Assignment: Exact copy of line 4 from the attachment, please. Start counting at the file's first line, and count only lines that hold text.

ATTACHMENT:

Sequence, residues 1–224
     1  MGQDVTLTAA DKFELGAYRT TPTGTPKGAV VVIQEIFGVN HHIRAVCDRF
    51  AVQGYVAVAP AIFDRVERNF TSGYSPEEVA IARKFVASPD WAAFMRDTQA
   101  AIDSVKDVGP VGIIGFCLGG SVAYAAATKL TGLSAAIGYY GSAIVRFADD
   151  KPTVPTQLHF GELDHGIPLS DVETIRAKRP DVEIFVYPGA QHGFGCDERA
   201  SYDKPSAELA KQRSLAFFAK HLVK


   101  AIDSVKDVGP VGIIGFCLGG SVAYAAATKL TGLSAAIGYY GSAIVRFADD